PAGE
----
I think we’ve developed a nice theme over the last few weeks, gradually working our way through a less well-behaved function – the triangle wave – and trying to find various series expansions for it. “Well-behaved” is kind of a term of art, which mathematicians use as shorthand for long strings of caveats about differentiability and continuity and which physicists use because who wants to memorize those long strings?
Well, to some extent we have to. While it’s not very common that badly-behaved functions arise in physics, there are functions which at least don’t always remember to say please and thank you. They have to be gently corrected, but they’re good at heart. The mathematicians are the ones who have to deal with the truly shady functions, the ones who form prison gangs and don’t play by the rules and obey the laws. Or theorems.
This one is in the latter category. It’s the ominous Blancmange function, a classic pathological case. It’s continuous everywhere and differentiable nowhere. There’s not a single point anywhere on its domain where it’s smooth, every single point is as prickly as a porcupine.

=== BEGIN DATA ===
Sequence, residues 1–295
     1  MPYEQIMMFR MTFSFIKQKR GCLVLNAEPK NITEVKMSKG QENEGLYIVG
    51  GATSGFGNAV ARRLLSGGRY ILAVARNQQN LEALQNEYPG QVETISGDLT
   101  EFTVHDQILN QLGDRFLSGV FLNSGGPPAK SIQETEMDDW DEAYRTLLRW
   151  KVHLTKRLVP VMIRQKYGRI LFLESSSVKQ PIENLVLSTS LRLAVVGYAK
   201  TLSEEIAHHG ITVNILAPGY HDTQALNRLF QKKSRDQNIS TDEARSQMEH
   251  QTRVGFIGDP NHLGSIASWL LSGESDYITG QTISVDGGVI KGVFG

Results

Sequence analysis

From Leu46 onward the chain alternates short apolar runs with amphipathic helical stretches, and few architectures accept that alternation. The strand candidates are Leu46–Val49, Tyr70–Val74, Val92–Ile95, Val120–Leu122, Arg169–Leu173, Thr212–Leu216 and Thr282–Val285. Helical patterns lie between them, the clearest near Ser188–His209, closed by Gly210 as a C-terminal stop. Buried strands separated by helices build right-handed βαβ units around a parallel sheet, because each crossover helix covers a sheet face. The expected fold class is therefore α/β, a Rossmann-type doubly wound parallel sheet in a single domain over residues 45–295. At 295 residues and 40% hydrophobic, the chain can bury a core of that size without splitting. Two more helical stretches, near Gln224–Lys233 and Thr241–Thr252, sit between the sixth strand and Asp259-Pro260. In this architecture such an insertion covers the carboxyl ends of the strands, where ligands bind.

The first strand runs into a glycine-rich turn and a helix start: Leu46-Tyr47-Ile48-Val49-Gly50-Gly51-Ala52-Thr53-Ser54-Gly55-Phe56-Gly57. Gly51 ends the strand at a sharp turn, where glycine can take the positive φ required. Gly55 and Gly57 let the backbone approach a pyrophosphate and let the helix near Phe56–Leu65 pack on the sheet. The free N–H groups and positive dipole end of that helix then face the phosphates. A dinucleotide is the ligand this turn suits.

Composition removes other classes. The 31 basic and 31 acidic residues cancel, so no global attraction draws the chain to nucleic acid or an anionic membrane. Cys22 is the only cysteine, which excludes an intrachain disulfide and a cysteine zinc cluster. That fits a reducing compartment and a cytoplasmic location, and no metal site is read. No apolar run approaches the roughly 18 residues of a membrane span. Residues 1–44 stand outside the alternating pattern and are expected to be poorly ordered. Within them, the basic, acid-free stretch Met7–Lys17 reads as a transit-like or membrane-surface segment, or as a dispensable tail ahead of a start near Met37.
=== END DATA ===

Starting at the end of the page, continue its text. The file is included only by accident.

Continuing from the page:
Via Wolfram, its graph:
As ludicrous as it is to have continuity everywhere without differentiability, it’s not actually hopelessly bad. While it’s true that continuity doesn’t imply differentiability, it is true that continuity implies integrability. The integral of this function over its domain [0,1] is just 1/2. Since it’s integrable, expansion in terms of the various orthogonal sets of functions that we’ve been doing will still work. We could pretty easily do a Fourier series or a series in Legendre polynomials. Or we could if we could do the necessary integrals, which I don’t think I’d want to try but could do numerically if worse came to worst.
What can you do with the Blancmange function? Heck if I know. If I ever got to teach a Calc 1 course I could use it as a good example of the fact that you can’t always take a statement to be mathematically certain just because it’s intuitively reasonable. While most commonly encountered continuous functions are differentiable, not all of ‘em are. In fact by most set-theoretical standards such functions are actually the exception.
Fortunately they’re exceptions we don’t usually have to deal with. But like the outlaw mobsters of another era, they have their own rogue appeal.